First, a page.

Where was God?

The cry is always the same when we hear about events such as the tragic Newtown massacre that took place last weekend and it is all too familiar to me, as I noted in my post yesterday. So where was God?

Tanya Marlow wrote beautifully on how this affected her yesterday. Lisa Graas identified with this in just the same way as I do and posted this beautiful reflection. It might seem a little abstract to you if you're not a Catholic or familiar with the spirituality. But suffering is one of the ways we feel close to God: God is not distant or removed from suffering, He is present in it. If you are a Catholic, or at least familiar with this spirituality, you will certainly benefit from reflecting on her post there. In my darkest days, I identified with Jesus' agony in the Garden of Gethsemane and prayed the Sorrowful Mysteries of the Rosary, which culminate in the Crucifixion, which for me, constitutes the death of my child.

There's a huge debate raging about gun control as the result of this and for us in the UK it is so hard to understand why America seems to want to retain their gun culture in spite of such tragedy. Indeed, Gun sales have actually increased since the massacre. Lots of people want to speak in derogatory fashion our our American brothers and sisters and this will not do.

From the U.S. perspective, the argument is that guns do not commit atrocities  people do. The above video goes some way to making sense of that argument. If we were able to create a culture in which the Christian ethic proliferated all aspects, such events would be difficult to envisage.Yet we have a culture which extols violence as a form of entertainment in film and video games which seems to spiral into ever more graphic depiction of violent fantasy. It ridicules and condemns Christian faith from a position of ignorance. It makes no effort to understand the historical, philosophical and cultural reality of our society which is built on Christian values.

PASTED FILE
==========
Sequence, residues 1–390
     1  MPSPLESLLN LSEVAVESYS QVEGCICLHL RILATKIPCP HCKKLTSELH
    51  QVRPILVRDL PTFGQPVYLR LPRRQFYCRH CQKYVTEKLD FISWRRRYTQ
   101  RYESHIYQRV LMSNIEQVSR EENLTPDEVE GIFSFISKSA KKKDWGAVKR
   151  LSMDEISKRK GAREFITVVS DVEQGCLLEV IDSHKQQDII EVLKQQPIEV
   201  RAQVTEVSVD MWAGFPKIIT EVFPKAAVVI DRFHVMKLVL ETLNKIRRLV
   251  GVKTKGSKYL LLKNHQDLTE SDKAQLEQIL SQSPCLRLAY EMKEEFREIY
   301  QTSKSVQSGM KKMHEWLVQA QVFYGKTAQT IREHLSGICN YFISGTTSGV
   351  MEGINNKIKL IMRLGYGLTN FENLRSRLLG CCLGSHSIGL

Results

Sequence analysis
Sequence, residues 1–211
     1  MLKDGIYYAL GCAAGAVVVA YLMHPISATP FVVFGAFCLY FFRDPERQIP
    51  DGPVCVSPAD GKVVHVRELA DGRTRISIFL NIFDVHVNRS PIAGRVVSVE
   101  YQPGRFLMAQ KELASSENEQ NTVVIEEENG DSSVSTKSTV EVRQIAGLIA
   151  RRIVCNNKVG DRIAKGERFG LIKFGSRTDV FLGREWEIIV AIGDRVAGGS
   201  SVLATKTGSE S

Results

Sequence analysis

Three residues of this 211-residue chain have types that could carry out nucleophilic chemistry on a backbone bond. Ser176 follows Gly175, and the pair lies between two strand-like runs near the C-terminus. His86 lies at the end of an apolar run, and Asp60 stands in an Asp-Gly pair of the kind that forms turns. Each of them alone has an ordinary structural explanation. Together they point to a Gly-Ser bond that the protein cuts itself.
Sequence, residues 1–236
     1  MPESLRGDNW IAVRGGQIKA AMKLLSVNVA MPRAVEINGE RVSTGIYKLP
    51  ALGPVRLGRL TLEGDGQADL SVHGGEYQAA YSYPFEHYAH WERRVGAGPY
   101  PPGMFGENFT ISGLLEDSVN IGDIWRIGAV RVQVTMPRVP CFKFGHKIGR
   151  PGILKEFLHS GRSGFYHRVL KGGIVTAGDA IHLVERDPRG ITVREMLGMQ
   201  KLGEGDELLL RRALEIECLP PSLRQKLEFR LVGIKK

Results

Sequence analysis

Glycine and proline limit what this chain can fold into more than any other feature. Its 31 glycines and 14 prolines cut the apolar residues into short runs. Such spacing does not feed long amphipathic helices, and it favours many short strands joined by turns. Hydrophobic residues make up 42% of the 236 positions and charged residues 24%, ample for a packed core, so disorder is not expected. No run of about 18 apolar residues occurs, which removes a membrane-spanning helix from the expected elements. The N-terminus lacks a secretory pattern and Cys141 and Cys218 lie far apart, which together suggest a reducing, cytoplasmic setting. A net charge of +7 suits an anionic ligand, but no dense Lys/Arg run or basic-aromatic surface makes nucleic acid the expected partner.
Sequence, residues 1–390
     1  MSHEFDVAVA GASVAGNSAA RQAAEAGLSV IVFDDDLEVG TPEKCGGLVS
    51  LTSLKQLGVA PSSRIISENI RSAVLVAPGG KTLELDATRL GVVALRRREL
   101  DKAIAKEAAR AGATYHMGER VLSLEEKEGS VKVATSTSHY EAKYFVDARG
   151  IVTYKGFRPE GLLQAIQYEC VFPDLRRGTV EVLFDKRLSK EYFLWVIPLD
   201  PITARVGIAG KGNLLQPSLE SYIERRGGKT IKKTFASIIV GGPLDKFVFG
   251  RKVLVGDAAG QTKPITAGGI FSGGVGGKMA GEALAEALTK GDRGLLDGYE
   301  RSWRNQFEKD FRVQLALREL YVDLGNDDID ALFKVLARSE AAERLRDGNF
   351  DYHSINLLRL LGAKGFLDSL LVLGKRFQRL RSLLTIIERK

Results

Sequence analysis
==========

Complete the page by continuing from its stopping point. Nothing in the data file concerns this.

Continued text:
If one thinks logically about it, the gun was the key enabling factor in the Newtown massacre. If the perpetrator didn't have access to a weapon, he would not have been able to carry out his crime. De facto.

Guns equal freedom to Americans, they are a symbol of, and to some extent guarantee that freedom.

In this case the counter argument to gun control has just seemed plain daft. Teachers having guns or even that
children should pack baby Glocks. I don't think many see this as realistic or seriously want to live in a society like that.

But if America banned guns, in a country with so many weapons, would you really want to be in a position where the only people who still had firearms were the ones who hold the law in contempt? The Guardian have a frightening map which displays a startling, though frankly not unexpected correlation between gun ownership and gun homicide rates throughout the world.

Whilst I do my best to understand the American love affair with guns, personally I consider them designed for one purpose only and that purpose is contrary to my prayer for the world and strangely contradictory when considered in the context of the great respect I generally have for my cousins across the Atlantic.

I will conclude with some words I often quote here on my blog. Words which my Bishop Thomas MacMahon quoted when he wrote to me after Ruth died, the words of the famous dramatist Paul Claudel, who said poignantly of suffering, “Jesus did not come to explain away suffering or remove it. He came to fill it with His presence.” You see, for we who believe in Christ, suffering is never without meaning. With faith, our suffering unites us with Christ in the one great act of redemption. What our modern, secular world forgets is that suffering is part of life, and it presents an opportunity to be united with Christ in the greatest moment of the history of the world – we can be united with Him on that cross and in the salvation of the world. Souls can be redeemed and saved and prayers answered when we direct our suffering, offer it up, to this spiritual end. And, importantly, in our suffering, we are not alone. Jesus is right there by our side carrying the cross with us.

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